Where I work and teach, there has been a push for several years to get us to provide our courses and/or subjects online, particularly so we can offer them to overseas and remote/rural students. While some people shudder at the idea of studying via the computer without the stimulation of the classroom, I actually did most of my degree by off-campus delivery (no online technology in those days!) and recognised then and now that what made it work for me was the terrific study guides and course materials.
In some ways, writing is a great thing to study via the internet. When this push first started, they funded some of us to go online and become students for a while, testing out for ourselves what worked and what didn't. I chose to study the Writer's Digest Advanced Short Story course, and really enjoyed it. Mikki Hayden was the instructor, and as well as a structured series of units, I had access to their online library of articles and resources. What made this course especially memorable for me was that 9/11 happened about four weeks in, and several people ended up dropping out because of different ways in which they were affected by it (family or friends dying, living close by, etc). They did explain this to the rest of us, and then we all took a deep breath and kept going with the course.
So, in creating new materials and writing new content for my units, I keep all of these experiences in mind, plus the knowledge that younger students these days are much more used to using technology and the internet for study and fun. Still, how do you replicate a great classroom discussion about plot and pacing in a historical YA novel, or repetition and irony in a poem by Billy Collins? Or the experience of workshopping a chapter of your novel, or your poem about death that was based on your uncle dying last week? In the classroom, the teacher is able to push the discussion along, or introduce a new idea quickly, or temper someone's comments when they've become less than constructive. How do you do that online when mostly it isn't happening in real time, so a rude comment can be up there for several hours or days?
All good questions, which is why we keep going off and doing more training and talking about these issues and how to resolve them.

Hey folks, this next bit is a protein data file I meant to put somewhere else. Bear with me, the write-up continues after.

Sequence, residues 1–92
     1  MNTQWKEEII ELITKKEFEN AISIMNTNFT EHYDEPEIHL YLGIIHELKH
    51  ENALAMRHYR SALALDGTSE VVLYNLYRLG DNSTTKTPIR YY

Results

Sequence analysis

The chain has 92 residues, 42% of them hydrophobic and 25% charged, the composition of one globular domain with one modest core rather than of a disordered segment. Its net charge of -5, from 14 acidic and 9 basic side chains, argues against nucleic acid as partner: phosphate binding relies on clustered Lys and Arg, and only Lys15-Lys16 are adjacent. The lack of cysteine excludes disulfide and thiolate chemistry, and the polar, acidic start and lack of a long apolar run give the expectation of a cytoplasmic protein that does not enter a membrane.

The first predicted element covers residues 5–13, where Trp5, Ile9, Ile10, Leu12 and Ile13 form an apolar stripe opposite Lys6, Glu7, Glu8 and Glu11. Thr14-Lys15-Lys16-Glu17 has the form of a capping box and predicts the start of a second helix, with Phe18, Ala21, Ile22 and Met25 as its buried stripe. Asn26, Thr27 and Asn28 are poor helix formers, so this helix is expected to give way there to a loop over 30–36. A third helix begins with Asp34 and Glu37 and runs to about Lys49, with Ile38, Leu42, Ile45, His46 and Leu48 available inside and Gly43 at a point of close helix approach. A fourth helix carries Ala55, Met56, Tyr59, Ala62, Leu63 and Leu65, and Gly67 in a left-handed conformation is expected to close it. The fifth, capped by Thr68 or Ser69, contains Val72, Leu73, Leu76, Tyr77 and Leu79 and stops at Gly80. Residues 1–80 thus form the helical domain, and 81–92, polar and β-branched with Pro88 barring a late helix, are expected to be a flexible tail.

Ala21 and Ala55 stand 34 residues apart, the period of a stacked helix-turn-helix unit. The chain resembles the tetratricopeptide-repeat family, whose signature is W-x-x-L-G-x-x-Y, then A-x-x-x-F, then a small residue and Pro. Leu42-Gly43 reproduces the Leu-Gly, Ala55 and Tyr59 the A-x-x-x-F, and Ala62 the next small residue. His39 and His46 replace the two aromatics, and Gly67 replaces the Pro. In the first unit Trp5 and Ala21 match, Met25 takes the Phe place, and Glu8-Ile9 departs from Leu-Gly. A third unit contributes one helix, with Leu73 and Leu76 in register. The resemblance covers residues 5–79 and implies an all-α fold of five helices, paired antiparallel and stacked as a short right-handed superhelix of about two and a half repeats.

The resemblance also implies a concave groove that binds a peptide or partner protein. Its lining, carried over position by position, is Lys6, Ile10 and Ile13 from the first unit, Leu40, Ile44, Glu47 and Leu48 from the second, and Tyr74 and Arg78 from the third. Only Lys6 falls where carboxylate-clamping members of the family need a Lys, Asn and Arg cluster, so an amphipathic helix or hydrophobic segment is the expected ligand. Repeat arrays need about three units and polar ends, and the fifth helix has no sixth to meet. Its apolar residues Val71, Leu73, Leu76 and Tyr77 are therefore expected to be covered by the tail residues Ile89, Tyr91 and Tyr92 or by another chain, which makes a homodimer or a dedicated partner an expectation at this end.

But beyond that, I think offering subjects online provides a great resource for any writer who wants to increase their skills, get some unbiased feedback and feel like they're not so alone. Even a writer in the middle of a huge city can feel isolated and depressed about what they're trying to achieve. Who cares? How can I know if I'm on the right track or not? Is this story any good?
When I did my degree, a large part of it was focused on writing - it was the first time I was able to get feedback on my stories and poems from experienced writers/readers who didn't know me from a bar of soap. So their comments were, to me, more valid because they weren't there to pat me on the back - they were there to show me how to improve.
At the moment, I'm working on creating online content for three different subjects - writing picture books, a preparatory unit (like a short "taster" for our professional writing course) and helping another teacher, T, with our fiction subjects. We're about to completely restructure these latter modules and develop a whole new approach that we hope will give students a stronger grounding in the basics of fiction writing. Phew! Hopefully, they'll be ready to run in 2008.
In the meantime, we are still teaching our usual classes on campus, and trying to write when we get the time and headspace. This is usually when that "writing full-time" dream starts to surface, and I start double-checking that I've bought a Lotto ticket this week!